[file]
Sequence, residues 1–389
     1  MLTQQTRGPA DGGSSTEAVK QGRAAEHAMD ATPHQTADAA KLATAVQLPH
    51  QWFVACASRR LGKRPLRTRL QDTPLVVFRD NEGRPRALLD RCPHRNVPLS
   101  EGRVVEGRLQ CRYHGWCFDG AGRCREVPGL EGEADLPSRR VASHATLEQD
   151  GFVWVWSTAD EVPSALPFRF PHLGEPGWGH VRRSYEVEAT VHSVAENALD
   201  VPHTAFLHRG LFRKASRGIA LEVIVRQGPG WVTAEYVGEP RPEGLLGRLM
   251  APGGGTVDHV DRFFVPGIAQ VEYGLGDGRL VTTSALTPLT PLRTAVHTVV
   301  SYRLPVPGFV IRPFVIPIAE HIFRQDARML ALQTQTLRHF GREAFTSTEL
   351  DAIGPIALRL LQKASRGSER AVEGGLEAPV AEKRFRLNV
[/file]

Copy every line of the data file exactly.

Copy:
Sequence, residues 1–389
     1  MLTQQTRGPA DGGSSTEAVK QGRAAEHAMD ATPHQTADAA KLATAVQLPH
    51  QWFVACASRR LGKRPLRTRL QDTPLVVFRD NEGRPRALLD RCPHRNVPLS
   101  EGRVVEGRLQ CRYHGWCFDG AGRCREVPGL EGEADLPSRR VASHATLEQD
   151  GFVWVWSTAD EVPSALPFRF PHLGEPGWGH VRRSYEVEAT VHSVAENALD
   201  VPHTAFLHRG LFRKASRGIA LEVIVRQGPG WVTAEYVGEP RPEGLLGRLM
   251  APGGGTVDHV DRFFVPGIAQ VEYGLGDGRL VTTSALTPLT PLRTAVHTVV
   301  SYRLPVPGFV IRPFVIPIAE HIFRQDARML ALQTQTLRHF GREAFTSTEL
   351  DAIGPIALRL LQKASRGSER AVEGGLEAPV AEKRFRLNV